▪ A review question should be formulated at the outset, but should remain open to modification. Precise definitions of many constructs may be deferred until late in the review and may be a product of the review itself.
▪ Searching, sampling, critique and analysis proceed hand in hand, and should be seen as dynamic and mutually informative processes.
▪ Searching initially should use a broadly defined strategy, including purposive selection of material likely or known to be relevant.
▪ The analysis should be aimed towards the development of a synthesising argument: a critically informed integration of evidence from across the studies in the review. The synthesising argument takes the form of a coherent theoretical framework comprising a network of constructs and the relationships between them. The synthesising argument links synthetic constructs (new constructs generated through synthesis) and existing constructs in the literature.
▪ There is a need for constant reflexivity to inform the emerging theoretical notions, as these guide the other processes.
▪ Ongoing selection of potentially relevant literature should informed by the emerging theoretical framework. Literatures not directly or obviously relevant to the question under review may be accessed as part of this process.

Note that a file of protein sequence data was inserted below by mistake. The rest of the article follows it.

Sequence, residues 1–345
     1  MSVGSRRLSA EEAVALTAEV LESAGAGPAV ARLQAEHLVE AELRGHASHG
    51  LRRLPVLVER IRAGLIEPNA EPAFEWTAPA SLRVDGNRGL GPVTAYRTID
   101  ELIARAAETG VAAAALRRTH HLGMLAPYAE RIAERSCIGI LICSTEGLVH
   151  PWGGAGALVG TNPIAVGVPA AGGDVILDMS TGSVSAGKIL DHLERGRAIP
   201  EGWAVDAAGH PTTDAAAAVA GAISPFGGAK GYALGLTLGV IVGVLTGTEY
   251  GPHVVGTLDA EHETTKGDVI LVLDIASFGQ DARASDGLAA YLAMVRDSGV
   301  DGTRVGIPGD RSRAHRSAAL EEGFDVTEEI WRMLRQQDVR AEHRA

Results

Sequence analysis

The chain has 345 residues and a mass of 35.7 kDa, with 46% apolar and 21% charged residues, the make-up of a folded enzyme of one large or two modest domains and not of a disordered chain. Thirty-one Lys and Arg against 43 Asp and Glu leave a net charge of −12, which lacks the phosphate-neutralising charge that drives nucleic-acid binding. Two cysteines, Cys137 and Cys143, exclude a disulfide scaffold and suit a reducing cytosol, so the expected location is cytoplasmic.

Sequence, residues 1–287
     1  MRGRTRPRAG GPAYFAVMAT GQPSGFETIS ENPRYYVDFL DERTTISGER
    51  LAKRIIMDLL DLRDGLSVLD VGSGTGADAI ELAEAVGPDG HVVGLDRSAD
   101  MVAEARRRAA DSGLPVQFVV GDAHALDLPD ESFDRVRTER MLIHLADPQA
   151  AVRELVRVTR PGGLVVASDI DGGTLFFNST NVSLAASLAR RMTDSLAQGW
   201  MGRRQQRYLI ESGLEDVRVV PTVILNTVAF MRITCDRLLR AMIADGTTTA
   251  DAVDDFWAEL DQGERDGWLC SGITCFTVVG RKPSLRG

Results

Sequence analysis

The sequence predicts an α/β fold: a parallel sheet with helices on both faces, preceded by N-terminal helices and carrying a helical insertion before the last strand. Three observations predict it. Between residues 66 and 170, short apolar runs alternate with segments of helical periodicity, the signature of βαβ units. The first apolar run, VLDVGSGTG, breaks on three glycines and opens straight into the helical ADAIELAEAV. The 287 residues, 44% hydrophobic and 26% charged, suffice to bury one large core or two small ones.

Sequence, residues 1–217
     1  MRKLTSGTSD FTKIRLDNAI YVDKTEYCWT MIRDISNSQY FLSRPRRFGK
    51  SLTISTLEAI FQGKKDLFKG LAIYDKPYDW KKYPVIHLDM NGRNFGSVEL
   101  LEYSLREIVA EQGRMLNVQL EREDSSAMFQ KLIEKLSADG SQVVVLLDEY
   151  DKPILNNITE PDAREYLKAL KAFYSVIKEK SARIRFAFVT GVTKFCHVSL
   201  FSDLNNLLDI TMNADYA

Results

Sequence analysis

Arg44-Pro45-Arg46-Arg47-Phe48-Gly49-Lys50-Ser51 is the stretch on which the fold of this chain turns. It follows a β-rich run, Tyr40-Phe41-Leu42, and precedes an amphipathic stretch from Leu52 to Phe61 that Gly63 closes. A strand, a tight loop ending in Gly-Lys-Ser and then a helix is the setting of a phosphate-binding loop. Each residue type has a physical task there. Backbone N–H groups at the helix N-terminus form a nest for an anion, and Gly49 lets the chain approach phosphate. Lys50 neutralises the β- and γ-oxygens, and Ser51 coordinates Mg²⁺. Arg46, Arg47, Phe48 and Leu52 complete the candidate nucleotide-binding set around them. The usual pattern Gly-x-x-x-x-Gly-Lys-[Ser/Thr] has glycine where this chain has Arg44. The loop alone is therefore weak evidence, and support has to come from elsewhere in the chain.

▪ CIS encourages an ongoing critical orientation to the material to be included in the review. Some limited formal appraisal of methodological quality of individual papers is likely to be appropriate. Generally the aim will be to maximise relevance and theoretical contribution of the included papers.
▪ Formal data extraction procedures may be helpful, particularly at the outset of the review, but are unlikely to be an essential feature of the approach.
▪ CIS does not offer aim to offer a series of pre-specified procedures for the conduct of review. It explicitly acknowledges the "authorial voice"; that some aspects of its production of the account of the evidence will not be visible or auditable; and that its account may not be strictly reproducible. Its aim is to offer a theoretically sound and useful account that is demonstrably grounded in the evidence.
▪ CIS demands constant reflexivity on the part of authors of reviews. Authors are charged with making conscientious and thorough searches, with making fair and appropriate selections of materials, with seeking disconfirming evidence and other challenges to the emergent theory, and with ensuring that the theory they generate is, while critically informed, plausible given the available evidence.